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‘Metabolic flux’ describes the rate of flow of
intermediates through a metabolic pathway
∆G, determined by measuring [metabolites],
reveals the rate-limiting steps of a pathway
PFK is the major regulatory enzyme of
glycolysis in muscle (F6P + ATP → F-1,6-BP + ADP)
Active site:
F-1,6-BP &
ADP bound
• Homotetramer (here,
2 subunits are shown)
• Each subunit has
catalytic and
regulatory sites
• Positive effectors:
– F6P (substrate)
– F-2,6-BP
• Negative effectors:
Regulatory site:
ADP bound
– citrate
ATP, ADP, or AMP can bind at the same
regulatory site and influence PFK activity
The R-state of PFK promotes binding of
F6P; the T-state has low affinity for F6P
In T-state (blue), charge
repulsion between Glu &
F6P disfavors binding
Shift to R-state (pink) creates
salt bridge between Arg & F6P,
promoting binding
Positive effector;
stabilizes R-state
Negative effector
stabilizes T-state
Gluconeogenesis is a pathway in which
glucose is synthesized from 2-4C precursors
• Many organisms and many cell types require a constant
supply of glucose (ex: neurons, red blood cells)
• In humans, glucose can be synthesized from pyruvate
(or lactate, or oxaloacetate, or certain amino acids)
through this pathway (mainly occurring in the liver)
• Uses many of the same enzymes as glycolysis – those
that catalyze reversible reactions
• For irreversible steps of glycolysis, uses other reactions
(and other enzymes)
• Opposite regulation vs. glycolysis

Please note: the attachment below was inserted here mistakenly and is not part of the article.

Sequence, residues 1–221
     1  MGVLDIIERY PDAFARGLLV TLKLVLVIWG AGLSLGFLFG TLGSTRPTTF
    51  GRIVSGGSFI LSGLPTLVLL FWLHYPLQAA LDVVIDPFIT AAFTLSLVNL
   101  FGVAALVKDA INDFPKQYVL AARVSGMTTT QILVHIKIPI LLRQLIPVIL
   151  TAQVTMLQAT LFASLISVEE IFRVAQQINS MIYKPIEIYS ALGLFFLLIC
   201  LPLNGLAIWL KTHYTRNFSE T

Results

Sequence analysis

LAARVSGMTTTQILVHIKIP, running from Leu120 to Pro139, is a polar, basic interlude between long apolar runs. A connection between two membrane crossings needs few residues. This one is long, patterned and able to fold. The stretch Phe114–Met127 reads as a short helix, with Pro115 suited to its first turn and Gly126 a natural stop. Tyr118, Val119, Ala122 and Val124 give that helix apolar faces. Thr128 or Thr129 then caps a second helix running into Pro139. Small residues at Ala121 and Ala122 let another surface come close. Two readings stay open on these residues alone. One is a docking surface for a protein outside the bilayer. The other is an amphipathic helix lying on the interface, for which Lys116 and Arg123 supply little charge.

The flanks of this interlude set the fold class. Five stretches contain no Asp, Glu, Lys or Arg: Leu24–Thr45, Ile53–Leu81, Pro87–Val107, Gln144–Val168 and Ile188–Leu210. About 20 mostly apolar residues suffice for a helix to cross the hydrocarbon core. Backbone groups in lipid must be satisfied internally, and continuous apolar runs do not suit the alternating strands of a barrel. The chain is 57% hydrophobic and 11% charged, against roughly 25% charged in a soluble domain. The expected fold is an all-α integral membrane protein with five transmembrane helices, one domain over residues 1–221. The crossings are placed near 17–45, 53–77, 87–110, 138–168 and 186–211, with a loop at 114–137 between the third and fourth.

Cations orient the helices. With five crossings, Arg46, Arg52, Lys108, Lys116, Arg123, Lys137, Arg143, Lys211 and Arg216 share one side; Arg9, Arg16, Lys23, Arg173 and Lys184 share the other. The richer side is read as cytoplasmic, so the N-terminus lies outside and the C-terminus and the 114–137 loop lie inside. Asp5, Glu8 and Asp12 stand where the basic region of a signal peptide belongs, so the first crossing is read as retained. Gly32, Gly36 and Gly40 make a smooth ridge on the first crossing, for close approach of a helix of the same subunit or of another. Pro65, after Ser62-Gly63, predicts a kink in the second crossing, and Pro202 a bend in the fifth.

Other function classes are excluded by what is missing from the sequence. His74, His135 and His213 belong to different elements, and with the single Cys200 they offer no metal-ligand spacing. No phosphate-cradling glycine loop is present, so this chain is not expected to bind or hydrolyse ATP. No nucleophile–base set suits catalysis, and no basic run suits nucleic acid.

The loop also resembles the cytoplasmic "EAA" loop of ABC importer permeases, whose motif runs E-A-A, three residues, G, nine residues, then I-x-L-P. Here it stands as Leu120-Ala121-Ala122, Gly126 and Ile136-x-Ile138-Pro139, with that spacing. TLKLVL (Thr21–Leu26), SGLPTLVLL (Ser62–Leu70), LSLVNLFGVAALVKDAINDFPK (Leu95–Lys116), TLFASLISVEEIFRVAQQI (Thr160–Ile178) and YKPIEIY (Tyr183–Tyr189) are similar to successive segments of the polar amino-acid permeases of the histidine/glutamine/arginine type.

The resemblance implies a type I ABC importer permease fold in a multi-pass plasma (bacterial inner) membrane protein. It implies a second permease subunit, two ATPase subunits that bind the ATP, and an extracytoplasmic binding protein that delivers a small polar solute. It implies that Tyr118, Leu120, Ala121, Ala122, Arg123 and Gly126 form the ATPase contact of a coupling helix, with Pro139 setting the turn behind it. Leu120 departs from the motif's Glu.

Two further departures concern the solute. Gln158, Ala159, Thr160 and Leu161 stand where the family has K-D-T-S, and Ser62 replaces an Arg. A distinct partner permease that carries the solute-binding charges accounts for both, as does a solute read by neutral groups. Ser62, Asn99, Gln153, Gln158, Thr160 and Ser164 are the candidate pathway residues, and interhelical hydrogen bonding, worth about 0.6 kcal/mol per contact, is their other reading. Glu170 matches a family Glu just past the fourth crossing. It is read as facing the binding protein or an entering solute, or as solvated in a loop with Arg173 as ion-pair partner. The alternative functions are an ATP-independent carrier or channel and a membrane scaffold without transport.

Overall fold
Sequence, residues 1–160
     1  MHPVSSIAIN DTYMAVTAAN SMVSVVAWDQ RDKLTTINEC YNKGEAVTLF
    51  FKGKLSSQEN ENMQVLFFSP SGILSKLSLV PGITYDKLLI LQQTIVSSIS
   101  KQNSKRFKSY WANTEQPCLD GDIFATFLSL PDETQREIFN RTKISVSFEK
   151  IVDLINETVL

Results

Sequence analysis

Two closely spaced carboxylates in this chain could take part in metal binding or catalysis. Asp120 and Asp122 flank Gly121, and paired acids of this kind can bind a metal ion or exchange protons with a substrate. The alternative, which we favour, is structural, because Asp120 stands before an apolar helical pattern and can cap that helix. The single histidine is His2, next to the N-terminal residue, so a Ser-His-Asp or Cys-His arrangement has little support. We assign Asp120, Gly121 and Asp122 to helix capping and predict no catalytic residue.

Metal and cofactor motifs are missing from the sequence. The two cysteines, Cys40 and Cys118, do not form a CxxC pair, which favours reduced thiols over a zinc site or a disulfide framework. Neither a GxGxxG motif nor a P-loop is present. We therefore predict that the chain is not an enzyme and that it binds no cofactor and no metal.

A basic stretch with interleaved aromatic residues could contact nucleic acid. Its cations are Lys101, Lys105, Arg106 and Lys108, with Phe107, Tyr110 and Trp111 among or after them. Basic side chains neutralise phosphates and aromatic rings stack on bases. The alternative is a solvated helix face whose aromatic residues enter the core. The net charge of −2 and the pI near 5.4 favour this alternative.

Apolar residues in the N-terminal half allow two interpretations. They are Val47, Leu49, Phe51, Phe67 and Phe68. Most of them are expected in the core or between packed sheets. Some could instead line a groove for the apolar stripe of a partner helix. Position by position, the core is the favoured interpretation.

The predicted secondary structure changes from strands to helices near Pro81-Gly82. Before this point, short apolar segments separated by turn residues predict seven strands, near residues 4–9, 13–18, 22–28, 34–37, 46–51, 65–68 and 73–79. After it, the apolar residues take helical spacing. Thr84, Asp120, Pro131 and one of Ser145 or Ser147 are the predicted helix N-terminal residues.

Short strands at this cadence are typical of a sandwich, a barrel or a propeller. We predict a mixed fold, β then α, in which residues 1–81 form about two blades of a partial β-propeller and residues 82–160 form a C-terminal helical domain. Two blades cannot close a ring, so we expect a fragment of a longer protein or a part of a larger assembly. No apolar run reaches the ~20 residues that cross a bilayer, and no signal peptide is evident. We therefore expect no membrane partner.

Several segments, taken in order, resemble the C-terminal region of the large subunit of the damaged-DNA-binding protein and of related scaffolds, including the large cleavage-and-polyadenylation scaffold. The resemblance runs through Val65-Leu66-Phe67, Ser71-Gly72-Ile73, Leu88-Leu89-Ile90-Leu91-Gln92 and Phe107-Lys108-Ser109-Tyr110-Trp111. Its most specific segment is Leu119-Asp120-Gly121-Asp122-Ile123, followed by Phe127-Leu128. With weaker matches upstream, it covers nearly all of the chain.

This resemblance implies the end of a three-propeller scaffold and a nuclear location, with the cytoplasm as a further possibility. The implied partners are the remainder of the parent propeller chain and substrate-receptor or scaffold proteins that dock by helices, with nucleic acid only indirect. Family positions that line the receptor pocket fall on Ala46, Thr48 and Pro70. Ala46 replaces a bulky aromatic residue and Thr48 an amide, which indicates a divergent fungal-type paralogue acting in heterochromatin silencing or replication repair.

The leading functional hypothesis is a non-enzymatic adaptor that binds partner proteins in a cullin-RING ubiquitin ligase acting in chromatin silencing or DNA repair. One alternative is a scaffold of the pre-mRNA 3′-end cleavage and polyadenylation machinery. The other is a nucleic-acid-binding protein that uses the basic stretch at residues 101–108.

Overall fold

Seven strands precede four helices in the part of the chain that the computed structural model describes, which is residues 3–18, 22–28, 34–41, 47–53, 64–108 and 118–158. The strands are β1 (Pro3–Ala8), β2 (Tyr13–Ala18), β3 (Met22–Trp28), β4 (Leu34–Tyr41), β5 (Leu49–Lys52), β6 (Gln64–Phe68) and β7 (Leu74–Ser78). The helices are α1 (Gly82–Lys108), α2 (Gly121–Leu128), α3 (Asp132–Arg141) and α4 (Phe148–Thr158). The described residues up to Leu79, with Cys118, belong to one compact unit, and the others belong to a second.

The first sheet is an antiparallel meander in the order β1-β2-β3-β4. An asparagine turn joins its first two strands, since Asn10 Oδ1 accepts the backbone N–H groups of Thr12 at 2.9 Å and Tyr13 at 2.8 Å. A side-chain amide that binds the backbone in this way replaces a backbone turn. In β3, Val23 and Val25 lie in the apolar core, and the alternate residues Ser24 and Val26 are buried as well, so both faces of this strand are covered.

Phosphatases remove the phophoryl groups
added by hexokinase and PFK
Two energy-requiring steps reverse the
action of pyruvate kinase
Pyruvate carboxylase uses the energy of
ATP hydrolysis to drive a carboxylation
PEPCK couples decarboxylation and NTP
hydrolysis to PEP formation
From glycolysis, pyruvate has multiple
options for further metabolism
(slow, good energy yield)
(fast, low
energy yield)
Different color in muscle can reflect different
levels of aerobic vs. anaerobic metabolism
Lots of heme-containing
mitochondria, used in
aerobic metabolism
Fewer mitochondria;
heavy reliance on
anaerobic metabolism
In homolactic fermentation, lactate DH
reduces pyruvate to regenerate NAD+
A hydride from NADH is transferred directly
to pyruvate’s carbonyl carbon
Yeast carry out alcoholic (ethanolic)
fermentation, producing CO2 and ethanol
Ethanolic fermentation converts pyruvate to
ethanol in two steps
Pyruvate decarboxylase catalyzes the
decarboxylation of pyruvate to acetaldehyde
Decarboxylation does not happen without
carbanion intermediate
The cofactor TPP functions as an electron
sink to stabilize carbanion intermediates
TPP catalyzes the decarboxylation of α-keto
Alcohol DH regenerates NAD+ through the
reduction of acetaldehyde to ethanol
A hydride from NADH is transferred directly
to acetaldehyde’s carbonyl carbon
From glycolysis, pyruvate has multiple
options for further metabolism
(slow, good energy yield)
(fast, low
energy yield)
Oxidation of glucose releases more free
energy & yields more ATP than fermentation
Fermentation: 2 ATP (per glucose)
glucose → 2 lactate + 2H+
∆G'° = -196 kJ/mol
∆G'° = -235 kJ/mol
glucose → 2CO2 + 2 ethanol
Oxidation: up to 32 ATP (per glucose)
glucose + 6O2 → 6CO2 + 6H2O ∆G'° = -2850 kJ/mol